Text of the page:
KUALA LUMPUR, July 11 — Malaysian palm oil futures rose for a second session today, underpinned by improving export demand and a slower-than-anticipated rise in inventories.
The benchmark palm oil contract FCPOc3 for September delivery on the Bursa Malaysia Derivatives Exchange gained RM22, or 0.56 per cent, to RM3,942 (US$845.74) a tonne in early trade.
Malaysia’s palm oil inventories at the end of June rose 1.9 per cent to 1.72 million metric tonnes from the previous month, much smaller than expected, the Malaysian Palm Oil Board data showed yesterday.
Exports from Malaysia during the July 1-10 period rose between 18.7 per cent and 26.1 per cent, showed data from cargo surveyors Amspec Agri and Intertek Testing Services.
The condition of US soybean crops improved over the past week after rains in the parched US crop belt, though they remained the worst in more than a decade and spring wheat conditions worsened, Washington’s data showed.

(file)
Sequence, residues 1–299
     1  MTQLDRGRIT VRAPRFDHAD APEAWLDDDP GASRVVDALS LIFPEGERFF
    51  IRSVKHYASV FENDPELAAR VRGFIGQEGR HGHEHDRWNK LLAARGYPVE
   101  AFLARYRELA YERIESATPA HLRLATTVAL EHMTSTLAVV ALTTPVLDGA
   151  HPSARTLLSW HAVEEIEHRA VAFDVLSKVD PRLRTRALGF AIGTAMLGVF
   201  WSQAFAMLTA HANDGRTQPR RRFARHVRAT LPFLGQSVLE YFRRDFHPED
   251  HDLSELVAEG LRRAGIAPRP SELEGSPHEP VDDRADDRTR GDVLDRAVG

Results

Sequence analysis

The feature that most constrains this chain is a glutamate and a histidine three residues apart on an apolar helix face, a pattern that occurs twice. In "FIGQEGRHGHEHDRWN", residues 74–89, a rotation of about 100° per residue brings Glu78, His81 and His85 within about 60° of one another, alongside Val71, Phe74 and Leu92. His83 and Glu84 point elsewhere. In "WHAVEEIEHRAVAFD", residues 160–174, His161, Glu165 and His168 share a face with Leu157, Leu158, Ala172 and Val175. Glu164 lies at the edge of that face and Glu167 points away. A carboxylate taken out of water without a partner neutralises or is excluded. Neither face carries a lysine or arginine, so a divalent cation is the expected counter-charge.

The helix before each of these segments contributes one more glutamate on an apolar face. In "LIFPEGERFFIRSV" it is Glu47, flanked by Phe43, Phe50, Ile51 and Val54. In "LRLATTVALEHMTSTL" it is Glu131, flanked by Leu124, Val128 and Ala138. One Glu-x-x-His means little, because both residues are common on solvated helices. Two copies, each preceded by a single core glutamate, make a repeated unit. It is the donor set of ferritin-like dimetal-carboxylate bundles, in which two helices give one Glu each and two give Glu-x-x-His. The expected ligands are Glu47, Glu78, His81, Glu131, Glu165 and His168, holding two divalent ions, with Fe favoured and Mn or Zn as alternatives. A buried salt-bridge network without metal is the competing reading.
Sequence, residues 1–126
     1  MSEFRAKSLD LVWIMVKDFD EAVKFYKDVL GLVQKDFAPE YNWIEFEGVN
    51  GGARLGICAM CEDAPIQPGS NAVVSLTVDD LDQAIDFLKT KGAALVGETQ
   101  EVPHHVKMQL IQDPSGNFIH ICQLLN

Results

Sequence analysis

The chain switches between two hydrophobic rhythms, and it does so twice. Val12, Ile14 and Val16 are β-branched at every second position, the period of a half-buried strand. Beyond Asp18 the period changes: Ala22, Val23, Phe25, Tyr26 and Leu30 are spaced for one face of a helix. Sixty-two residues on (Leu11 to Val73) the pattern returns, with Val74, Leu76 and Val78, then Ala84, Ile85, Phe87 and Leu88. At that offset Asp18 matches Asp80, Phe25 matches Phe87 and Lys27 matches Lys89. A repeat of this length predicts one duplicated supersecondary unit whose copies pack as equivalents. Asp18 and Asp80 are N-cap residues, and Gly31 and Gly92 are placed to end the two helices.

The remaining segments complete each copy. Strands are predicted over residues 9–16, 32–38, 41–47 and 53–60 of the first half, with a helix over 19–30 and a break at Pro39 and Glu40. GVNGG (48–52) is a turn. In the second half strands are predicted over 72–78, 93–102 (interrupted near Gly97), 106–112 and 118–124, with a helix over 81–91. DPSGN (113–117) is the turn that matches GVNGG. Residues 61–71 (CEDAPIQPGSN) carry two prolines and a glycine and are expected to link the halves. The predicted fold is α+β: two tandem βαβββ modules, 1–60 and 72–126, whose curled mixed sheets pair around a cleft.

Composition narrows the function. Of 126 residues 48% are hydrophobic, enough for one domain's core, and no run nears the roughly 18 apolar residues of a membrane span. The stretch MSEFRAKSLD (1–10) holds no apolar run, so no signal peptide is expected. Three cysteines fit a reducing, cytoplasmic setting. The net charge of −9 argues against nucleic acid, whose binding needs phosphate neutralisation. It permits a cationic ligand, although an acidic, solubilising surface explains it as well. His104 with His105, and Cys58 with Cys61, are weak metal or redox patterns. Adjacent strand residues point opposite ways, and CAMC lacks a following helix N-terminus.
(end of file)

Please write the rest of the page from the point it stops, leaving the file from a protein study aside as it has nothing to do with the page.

Soy oil prices on the Chicago Board of Trade BOcv1 eased after a 4.3 per cent overnight surge. Dalian’s most-active soy oil contract DBYcv1 rose 0.7 per cent while its palm oil contract DCPcv1 gained 1.3%.
Palm oil is affected by price movements in related oils as they compete for a share in the global vegetable oils market.
Palm oil may rise to RM4,039 per metric tonne, as its uptrend from RM3,512 has resumed, Reuters technical analyst Wang Tao said.
Asian shares bounced and the safe-haven dollar edged lower as investors hope this week’s US inflation data support an imminent end to rate hikes, and cheer the prospect China will deliver economic stimulus to prop up stalling growth.